Owlchemy Labs' most ambitious project to date – it's a survival title for PC, Mac and Linux that tackles groupthink, the futility of earning a degree in art, and branching narrative paths depending on each player's unique choices. Really this time, Owlchemy founder Alex Schwartz tells me.
"Throughout the history of games, the claim has been made multiple times that player choice significantly affects gameplay," he says. I offer Telltale's The Walking Dead as one game that some players think promised too much control over the story. Schwartz says he loves that series but sees how voice acting and a big dev team pushed it to be a more linear story.
Dyscourse doesn't feature voice acting, instead relying on text, and the game takes place in a "narrative playground," the island where main character Rita crash-lands with a ragtag group of tourists. Schwartz says Owlchemy's approach means each player will have a unique experience, tell a different story, and probably kill their companions in different ways. By accident, of course.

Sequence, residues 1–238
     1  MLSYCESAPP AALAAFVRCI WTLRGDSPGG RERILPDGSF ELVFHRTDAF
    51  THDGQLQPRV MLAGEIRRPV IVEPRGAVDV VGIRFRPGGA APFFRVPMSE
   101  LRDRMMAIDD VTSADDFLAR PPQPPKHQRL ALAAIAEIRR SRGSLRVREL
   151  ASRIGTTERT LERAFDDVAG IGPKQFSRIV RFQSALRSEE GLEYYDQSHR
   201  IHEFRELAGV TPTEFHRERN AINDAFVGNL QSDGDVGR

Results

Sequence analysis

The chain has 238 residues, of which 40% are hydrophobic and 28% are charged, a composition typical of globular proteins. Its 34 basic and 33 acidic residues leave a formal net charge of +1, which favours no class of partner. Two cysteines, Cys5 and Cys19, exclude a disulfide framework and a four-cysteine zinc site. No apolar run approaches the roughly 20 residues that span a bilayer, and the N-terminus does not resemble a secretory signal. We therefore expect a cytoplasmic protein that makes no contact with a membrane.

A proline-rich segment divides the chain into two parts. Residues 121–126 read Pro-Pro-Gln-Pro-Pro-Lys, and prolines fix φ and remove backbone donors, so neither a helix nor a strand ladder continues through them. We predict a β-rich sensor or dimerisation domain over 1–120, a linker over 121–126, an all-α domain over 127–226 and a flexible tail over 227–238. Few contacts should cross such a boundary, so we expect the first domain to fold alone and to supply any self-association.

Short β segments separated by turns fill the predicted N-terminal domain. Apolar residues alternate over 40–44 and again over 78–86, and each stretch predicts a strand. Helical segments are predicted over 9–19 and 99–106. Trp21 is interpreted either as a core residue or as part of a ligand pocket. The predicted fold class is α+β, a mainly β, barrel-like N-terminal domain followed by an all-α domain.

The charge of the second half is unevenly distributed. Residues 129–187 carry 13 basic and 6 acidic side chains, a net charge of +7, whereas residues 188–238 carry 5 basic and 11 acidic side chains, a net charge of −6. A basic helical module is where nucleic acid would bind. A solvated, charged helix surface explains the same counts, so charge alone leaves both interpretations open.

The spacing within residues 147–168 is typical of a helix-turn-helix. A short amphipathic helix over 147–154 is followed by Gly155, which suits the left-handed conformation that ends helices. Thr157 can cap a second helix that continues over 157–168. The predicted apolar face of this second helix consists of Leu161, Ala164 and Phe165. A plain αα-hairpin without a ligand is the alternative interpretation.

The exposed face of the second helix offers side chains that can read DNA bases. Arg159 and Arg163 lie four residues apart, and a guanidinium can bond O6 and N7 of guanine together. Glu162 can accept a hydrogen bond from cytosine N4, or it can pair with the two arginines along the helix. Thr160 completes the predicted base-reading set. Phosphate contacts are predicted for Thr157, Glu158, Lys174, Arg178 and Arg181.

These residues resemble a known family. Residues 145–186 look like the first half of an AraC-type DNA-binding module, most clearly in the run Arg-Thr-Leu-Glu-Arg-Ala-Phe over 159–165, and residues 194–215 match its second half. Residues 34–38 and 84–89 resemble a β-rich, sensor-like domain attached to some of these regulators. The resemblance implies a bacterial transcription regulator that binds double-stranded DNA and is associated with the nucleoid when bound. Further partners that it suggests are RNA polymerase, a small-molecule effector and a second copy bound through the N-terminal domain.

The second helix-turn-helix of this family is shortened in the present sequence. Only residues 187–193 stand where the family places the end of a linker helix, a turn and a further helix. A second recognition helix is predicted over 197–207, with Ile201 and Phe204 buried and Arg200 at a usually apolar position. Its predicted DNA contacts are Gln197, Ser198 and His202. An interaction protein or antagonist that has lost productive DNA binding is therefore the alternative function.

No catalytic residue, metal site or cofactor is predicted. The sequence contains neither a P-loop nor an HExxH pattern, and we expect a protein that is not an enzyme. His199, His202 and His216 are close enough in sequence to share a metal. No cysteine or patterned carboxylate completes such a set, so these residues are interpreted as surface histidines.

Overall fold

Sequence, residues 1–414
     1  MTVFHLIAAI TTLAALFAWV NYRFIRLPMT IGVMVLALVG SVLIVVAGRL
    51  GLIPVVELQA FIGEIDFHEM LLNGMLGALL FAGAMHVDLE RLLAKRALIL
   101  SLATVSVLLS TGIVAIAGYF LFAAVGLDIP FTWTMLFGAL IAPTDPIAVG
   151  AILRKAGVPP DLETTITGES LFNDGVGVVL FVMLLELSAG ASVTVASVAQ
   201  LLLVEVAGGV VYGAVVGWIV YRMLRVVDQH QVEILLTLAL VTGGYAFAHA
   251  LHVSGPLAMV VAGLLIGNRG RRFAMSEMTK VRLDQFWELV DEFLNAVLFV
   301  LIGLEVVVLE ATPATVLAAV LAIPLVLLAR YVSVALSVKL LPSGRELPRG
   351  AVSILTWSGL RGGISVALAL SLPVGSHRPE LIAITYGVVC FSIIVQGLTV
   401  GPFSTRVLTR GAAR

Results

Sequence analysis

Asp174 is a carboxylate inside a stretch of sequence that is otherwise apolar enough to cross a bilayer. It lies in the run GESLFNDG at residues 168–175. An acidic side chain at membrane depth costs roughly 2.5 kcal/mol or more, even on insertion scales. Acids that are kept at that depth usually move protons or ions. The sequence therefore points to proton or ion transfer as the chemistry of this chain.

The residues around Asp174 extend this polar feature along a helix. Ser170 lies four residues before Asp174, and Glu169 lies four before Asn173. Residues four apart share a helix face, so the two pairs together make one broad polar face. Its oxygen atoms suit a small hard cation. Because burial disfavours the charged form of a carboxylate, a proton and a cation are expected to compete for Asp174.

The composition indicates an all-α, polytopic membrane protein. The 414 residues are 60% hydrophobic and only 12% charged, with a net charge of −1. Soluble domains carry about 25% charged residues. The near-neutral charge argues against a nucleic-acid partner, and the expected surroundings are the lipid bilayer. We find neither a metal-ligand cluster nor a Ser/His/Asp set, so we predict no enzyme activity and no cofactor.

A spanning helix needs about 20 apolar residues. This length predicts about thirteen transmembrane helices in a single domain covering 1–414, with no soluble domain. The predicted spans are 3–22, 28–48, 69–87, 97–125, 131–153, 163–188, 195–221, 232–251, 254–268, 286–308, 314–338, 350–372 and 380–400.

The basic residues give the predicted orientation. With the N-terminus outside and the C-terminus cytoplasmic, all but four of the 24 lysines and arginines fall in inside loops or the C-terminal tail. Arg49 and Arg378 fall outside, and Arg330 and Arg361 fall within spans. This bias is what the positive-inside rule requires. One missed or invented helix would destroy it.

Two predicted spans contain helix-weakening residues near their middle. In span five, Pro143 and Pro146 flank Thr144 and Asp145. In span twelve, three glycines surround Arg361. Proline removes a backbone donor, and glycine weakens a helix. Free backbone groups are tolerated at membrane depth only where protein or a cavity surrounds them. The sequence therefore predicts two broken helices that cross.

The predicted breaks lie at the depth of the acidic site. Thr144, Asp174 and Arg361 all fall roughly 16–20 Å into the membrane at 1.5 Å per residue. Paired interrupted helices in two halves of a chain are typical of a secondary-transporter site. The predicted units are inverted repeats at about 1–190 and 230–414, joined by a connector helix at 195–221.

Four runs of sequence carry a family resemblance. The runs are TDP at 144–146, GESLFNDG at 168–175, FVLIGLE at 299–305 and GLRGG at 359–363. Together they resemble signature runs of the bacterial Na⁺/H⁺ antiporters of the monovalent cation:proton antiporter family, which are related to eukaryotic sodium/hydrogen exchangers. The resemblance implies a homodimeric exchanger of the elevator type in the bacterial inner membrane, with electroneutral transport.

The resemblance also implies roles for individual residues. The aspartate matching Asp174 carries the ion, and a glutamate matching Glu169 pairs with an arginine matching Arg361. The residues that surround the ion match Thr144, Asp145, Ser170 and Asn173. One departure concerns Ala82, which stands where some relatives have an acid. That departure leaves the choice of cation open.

"We're using some really interesting in-house tech to manage the writing process, but it's definitely a challenge," he says. "What it boils down to is attempting to write a large, multi-tiered narrative that can be approached from many different angles and a player simply only sees a small fraction when they play through a single time. Using variables to detect whether a player experienced or did not yet experience a certain dramatic moment – such as, 'Did the player find that hidden key yet?' or, 'Has the player uncovered the hidden backstory of one of the survivors?' – we can dynamically adjust the experience for each playthrough."